Beginning in 1668, several Sulpicians go off to evangelize the Native People: the Iroquois in the Bay of Quinte, north of Lake Ontario, the Mi'kmaq in Acadia, the Iroquois on the present site of Ogdensburg in the State of New York and, finally, the Algonquins in Abitibi and Témiscamingue.

Missionaries, explorers, priests and lords, the Sulpicians worked for the indigenous people, the population of Montreal and the nuns. Educators and humanitarians, they established schools, from primary to university levels, hospitals, institutions for the poor, libraries to encourage reading. Mindful of artistic beauty, they have supported artists who have marked the domains of painting, sculpture, architecture and music. Thus, they have contributed to the development of religious, social, economic and cultural life of Montreal. More than 70 names of avenues, streets, parks and squares in the city highlight the contribution of Sulpicians.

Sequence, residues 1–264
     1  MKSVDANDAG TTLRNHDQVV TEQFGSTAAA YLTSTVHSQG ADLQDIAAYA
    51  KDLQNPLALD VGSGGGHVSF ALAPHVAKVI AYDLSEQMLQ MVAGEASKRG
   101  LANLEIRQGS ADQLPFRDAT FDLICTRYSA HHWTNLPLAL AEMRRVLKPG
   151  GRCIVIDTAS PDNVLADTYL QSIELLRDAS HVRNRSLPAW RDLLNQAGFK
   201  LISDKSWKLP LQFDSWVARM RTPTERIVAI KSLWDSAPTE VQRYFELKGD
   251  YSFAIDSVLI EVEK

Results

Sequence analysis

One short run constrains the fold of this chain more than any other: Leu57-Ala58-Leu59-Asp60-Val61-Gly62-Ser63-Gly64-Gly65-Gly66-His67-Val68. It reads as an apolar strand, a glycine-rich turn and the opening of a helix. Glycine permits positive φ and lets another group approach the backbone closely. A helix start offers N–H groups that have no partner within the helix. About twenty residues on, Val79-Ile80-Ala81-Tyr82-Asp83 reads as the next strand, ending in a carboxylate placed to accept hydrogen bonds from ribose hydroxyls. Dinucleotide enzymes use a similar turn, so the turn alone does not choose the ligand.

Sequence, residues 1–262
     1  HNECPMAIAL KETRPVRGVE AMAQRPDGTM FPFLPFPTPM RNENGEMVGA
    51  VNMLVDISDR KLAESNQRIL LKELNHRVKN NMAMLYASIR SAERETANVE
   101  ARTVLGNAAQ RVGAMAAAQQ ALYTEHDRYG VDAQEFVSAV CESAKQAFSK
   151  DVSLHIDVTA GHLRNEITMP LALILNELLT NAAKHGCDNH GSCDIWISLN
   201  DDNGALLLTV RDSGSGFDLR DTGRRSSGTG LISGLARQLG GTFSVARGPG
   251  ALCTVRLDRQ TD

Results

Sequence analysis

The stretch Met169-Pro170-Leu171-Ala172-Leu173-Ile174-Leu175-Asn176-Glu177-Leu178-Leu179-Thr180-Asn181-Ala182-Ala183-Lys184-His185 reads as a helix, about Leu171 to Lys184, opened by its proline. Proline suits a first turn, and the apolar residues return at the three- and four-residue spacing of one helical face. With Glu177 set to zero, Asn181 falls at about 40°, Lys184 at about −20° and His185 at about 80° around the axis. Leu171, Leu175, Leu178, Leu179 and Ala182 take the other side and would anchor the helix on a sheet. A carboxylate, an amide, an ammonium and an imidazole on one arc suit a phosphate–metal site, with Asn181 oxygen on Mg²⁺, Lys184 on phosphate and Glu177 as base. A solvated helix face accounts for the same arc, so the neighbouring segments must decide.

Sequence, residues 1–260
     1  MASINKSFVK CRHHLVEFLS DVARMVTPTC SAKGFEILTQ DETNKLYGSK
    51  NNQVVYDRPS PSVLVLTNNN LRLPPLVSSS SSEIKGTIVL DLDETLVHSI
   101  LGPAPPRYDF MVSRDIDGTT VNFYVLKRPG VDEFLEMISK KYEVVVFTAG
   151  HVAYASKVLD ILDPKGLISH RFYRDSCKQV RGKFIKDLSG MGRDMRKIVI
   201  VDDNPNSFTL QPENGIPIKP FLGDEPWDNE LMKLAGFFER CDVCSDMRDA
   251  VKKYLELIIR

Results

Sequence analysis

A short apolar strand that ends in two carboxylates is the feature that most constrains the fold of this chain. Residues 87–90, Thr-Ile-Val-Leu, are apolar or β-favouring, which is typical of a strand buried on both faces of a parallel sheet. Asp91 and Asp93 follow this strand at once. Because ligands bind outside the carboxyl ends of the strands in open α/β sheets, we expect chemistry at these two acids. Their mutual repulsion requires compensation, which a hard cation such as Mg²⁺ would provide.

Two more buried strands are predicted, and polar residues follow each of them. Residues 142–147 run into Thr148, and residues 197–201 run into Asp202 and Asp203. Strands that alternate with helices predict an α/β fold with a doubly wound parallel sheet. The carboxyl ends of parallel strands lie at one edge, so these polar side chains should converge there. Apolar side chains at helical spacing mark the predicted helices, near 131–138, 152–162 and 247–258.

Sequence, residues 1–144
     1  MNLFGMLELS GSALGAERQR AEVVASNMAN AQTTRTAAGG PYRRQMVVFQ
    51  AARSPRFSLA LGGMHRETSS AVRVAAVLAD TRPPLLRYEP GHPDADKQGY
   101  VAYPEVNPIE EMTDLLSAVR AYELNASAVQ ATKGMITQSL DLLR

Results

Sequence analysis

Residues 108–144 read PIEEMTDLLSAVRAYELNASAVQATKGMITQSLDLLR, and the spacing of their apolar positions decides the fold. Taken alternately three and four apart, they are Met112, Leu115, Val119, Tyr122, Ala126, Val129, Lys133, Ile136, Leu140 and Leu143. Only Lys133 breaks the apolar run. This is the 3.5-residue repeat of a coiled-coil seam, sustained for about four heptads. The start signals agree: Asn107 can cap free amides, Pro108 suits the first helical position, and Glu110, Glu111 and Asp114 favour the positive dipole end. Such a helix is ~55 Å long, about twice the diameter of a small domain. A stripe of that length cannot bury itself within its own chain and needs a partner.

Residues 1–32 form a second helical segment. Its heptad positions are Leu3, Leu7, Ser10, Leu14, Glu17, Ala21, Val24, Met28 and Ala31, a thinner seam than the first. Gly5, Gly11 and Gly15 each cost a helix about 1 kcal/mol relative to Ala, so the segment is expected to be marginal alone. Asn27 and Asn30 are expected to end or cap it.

It was not until 1840 that at the request of His Excellency Ignace Bourget, Bishop of Montreal, the Sulpicians founded the Major Seminary of Montreal. To date over 6,000 priests have been formed in this House.

In 1888 opens in Rome the Pontifical Canadian College which hosts the Canadian priests and some priests candidates to Saint Sulpice who are studying in various universities in Rome.

To meet the educational needs of the city, Saint Sulpice founds in Montreal two classical colleges that, even today, continue their activities under the responsibility of private corporations distinct from the Society. As early as 1767, Father Jean Baptiste Curatteau of Blaiserie, PSS, accomplishes a pioneer work and opens the College of Montreal in his rectory of Long Point. This establishment moves in 1862 to a building nearby the Major Seminary and becomes, in 1968, an educational institution of secondary education.